The UN in the World Food Programme was not prepared for refugee crisis on this scale. As a result, many refugee camps are crowded and undersupplied, subjecting people to cold, hunger and disease. The Syrians lost hope of their situation will be getting better anytime soon. So many decided to seek asylum in Europe. Between 2007 and 2014, the EU had invested about 2 billion Euros in defenses, high tech security technology and port patrols. But not a lot in preparation of influx of refugees, so it was badly prepared for the storm of the asylum seekers. In EU, the country where an asylum seeker first enters the union is responsible for registering the asylum application and taking the fingerprints, hence decreasing pressure on the states that were already in trouble. Greece, in the midst of economic crisis, on the scare of great depression was not able to take care of so many people at once, leading to terrible scenes of desperate hungry people on islands usually reserved for tourists. The world needed to come together and act as a united front but instead it has become more divided. Many states downright refused to take in any refugees leaving the neighboring states alone in their struggle. In 2014, the UK carried out a search and rescue operation called Mare Nostrum that was designed to stop the asylum seekers from drowning in the Mediterranean. The idea seems to have been the higher test hold on the sea would mean fewer asylum seekers trying to make the journey. The perception of the crisis around the world suddenly changed when the photos circulated of a dead boy from Syria found lying face down on a beach in Turkey.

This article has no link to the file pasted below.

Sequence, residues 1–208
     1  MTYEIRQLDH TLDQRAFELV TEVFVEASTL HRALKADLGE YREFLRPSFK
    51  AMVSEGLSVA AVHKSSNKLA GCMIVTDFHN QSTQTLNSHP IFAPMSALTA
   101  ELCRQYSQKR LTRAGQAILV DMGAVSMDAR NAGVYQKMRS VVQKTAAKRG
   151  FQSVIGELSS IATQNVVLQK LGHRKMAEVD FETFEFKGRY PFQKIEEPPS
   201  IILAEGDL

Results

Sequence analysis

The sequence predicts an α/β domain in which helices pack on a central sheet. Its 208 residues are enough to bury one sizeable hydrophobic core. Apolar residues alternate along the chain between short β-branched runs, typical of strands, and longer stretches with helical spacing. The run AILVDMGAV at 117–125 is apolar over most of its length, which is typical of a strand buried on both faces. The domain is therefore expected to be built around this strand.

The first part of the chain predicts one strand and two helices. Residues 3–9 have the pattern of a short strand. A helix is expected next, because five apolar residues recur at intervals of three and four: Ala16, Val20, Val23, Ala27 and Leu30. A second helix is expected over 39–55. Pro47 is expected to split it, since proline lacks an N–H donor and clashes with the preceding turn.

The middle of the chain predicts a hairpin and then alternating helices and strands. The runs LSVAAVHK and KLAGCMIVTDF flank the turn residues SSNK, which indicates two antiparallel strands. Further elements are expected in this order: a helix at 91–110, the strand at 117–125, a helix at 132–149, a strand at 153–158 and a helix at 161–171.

Germany announced it will without exception accept all Syrian refugees and is now preparing to take in 8,00,000 people in 2015, more than the entire EU took in 2014, only to impose temporary border controls a few days later and a demand in EU wide solutions. All over the west more and more people are beginning to take actions. All those support for asylum seekers has mostly come from citizens and not from the politicians. But there are phases in the western world: Islam, high birth rates, crime and the collapse of the social systems. Let’s acknowledge this and look at the facts.